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Hospital widens search for nurses

PUBLISHED: 10:38 23 July 2009 | UPDATED: 14:28 03 July 2010

A NORFOLK hospital has launched a £200,000 recruitment drive to overcome a staff shortage of vital nurses due its coastal location.

Described as the Cornwall effect, the geographical position of the James Paget University Hospital, in Gorleston, has seen it struggle to recruit enough registered nurses for its wards.

A NORFOLK hospital has launched a £200,000 recruitment drive to overcome a staff shortage of vital nurses due its coastal location.

Described as the Cornwall effect, the geographical position of the James Paget University Hospital, in Gorleston, has seen it struggle to recruit enough registered nurses for its wards.

To help to combat the shortfall of up to 70 registered nurses out of 1,165 nursing and midwifery staff, the JPH has launched a £200,000 Remarkable People Work At recruitment drive.

The hospital is placing new eye catching advertisement in health publications to attract people to apply to work at the hospital.

The drive to recruit and retain registered nurses will also see the JPH advertise in Ireland and across Europe, improve staff rosters, interview all leaving nurses and create the post of assistant practitioner.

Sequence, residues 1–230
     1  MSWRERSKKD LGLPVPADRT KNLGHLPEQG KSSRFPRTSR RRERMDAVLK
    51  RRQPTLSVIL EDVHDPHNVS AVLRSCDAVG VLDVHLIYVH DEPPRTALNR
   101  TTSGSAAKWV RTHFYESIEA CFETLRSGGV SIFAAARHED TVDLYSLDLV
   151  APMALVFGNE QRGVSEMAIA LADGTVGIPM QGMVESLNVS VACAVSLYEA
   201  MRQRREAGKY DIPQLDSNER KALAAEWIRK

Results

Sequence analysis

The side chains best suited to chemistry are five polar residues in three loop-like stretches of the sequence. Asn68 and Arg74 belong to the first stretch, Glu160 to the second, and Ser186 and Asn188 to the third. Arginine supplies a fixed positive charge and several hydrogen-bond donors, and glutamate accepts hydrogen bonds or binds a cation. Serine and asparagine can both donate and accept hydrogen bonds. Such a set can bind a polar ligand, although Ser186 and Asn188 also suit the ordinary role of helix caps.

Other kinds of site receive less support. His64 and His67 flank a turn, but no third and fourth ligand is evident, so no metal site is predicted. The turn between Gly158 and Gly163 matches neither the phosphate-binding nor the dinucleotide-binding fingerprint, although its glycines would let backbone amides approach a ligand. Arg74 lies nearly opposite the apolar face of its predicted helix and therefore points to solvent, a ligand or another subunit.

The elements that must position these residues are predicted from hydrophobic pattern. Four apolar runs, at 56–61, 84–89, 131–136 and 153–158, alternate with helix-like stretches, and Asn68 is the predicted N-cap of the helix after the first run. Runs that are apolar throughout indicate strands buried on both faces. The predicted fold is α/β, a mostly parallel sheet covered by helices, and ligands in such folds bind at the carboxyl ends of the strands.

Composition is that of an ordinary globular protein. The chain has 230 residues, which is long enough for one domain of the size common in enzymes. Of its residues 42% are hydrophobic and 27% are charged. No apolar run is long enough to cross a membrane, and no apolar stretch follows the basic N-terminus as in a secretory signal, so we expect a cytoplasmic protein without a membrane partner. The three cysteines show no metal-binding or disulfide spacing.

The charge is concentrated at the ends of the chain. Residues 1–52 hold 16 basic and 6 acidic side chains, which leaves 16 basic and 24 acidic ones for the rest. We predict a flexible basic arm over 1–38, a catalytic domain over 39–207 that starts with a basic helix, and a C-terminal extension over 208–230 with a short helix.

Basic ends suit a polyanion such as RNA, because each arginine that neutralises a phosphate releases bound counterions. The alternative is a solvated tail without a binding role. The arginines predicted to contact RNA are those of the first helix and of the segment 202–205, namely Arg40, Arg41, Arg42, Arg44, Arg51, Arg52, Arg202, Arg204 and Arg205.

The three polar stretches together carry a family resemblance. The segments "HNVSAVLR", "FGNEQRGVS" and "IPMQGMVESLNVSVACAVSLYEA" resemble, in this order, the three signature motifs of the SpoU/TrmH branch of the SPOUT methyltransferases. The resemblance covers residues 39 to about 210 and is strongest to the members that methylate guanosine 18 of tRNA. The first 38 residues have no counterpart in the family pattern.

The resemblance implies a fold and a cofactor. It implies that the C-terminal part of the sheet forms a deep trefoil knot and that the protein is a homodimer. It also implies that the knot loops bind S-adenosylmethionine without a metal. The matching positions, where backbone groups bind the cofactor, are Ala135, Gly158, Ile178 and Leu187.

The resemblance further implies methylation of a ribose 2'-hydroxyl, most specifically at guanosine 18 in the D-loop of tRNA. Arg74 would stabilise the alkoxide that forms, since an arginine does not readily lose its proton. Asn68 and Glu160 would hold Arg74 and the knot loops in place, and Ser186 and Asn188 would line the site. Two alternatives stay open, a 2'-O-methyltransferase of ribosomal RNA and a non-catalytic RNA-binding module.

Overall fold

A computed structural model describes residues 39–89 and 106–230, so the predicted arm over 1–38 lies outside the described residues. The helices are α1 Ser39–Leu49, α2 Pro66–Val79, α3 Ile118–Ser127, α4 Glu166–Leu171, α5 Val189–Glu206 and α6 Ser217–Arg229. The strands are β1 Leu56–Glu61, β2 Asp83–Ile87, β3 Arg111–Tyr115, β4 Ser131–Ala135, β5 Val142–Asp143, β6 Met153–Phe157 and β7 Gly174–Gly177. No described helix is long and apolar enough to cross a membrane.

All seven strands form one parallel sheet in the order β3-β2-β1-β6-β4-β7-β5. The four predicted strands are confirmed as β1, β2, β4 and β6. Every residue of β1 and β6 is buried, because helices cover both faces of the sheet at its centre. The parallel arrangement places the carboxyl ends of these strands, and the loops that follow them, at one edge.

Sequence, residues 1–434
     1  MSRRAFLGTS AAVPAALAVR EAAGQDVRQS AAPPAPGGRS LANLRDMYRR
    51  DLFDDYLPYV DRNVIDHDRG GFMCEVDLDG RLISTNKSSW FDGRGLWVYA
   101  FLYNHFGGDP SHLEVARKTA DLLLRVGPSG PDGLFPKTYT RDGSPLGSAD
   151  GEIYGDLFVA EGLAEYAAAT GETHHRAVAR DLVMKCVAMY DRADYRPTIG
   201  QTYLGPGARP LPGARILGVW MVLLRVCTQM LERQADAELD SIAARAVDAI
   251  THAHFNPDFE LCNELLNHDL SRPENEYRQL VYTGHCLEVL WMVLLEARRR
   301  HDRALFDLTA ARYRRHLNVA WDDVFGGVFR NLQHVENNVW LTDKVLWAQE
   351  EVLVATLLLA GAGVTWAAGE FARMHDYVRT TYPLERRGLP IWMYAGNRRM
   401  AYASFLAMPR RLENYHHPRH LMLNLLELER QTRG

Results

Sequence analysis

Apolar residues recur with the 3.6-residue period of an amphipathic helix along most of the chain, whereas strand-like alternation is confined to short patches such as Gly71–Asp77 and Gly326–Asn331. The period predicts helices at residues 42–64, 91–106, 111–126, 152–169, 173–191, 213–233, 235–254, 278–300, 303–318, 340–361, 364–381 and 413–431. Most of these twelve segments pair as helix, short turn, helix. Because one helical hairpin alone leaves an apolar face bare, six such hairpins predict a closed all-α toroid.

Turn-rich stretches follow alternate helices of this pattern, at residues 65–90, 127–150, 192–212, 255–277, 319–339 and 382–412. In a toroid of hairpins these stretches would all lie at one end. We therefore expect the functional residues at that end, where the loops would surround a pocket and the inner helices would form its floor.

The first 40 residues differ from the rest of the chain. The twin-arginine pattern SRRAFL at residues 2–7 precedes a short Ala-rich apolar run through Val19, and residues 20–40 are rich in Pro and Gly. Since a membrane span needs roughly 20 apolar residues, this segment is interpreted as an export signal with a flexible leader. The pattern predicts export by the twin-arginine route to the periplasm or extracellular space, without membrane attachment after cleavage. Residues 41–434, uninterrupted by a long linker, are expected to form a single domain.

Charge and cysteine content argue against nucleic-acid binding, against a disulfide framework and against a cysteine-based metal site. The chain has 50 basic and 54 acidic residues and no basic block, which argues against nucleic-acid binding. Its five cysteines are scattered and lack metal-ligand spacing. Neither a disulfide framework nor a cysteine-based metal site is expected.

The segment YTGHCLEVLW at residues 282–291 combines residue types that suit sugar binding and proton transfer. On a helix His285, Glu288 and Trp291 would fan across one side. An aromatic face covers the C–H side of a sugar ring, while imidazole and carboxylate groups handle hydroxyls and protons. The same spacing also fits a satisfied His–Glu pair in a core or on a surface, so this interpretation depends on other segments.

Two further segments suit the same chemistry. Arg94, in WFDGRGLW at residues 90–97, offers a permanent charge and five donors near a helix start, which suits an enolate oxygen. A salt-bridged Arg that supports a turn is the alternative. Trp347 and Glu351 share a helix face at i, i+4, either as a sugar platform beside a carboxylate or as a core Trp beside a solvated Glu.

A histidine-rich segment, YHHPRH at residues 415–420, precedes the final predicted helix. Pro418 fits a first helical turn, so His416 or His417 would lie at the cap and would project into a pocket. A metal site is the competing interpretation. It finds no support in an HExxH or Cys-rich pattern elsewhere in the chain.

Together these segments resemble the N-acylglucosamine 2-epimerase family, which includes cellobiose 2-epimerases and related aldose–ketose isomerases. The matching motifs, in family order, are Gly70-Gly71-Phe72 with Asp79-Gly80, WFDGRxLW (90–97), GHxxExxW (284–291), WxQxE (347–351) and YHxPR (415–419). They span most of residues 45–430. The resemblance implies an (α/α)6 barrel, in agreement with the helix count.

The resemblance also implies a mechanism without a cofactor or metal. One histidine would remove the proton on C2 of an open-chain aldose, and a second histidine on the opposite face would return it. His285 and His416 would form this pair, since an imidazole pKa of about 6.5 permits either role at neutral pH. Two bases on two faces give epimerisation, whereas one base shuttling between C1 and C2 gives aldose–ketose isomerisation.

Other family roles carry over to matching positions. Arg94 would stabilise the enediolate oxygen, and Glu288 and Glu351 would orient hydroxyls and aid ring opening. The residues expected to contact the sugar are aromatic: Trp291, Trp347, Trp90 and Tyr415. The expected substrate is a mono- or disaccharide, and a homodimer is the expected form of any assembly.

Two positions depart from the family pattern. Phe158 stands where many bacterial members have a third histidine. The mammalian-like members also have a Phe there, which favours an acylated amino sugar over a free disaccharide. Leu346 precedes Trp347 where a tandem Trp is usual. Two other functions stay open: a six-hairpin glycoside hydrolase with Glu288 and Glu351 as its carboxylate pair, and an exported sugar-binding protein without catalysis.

Bosses are also confident that once people are recruited they will stay on for the long term as a hospital surveys show the JPH is a good place to work at.

Kirk Lower, director of human resources and organisational development, described the nurse shortage as the Cornwall effect.

“The problem is our geographical position. People don't want to travel to Yarmouth and Lowestoft and relocate.”

The Remarkable People Work At campaign will use photographs of real staff to recruit across the hospital 3,000 strong workforce.

JPH chief executive Wendy Slaney said: “The main aim is to get people's attention in the first place and make them aware of us and then show them the many benefits of living and working here.”

The hospital pointed out that the shortfall of registered nurses is not affecting the treatment of any patients.


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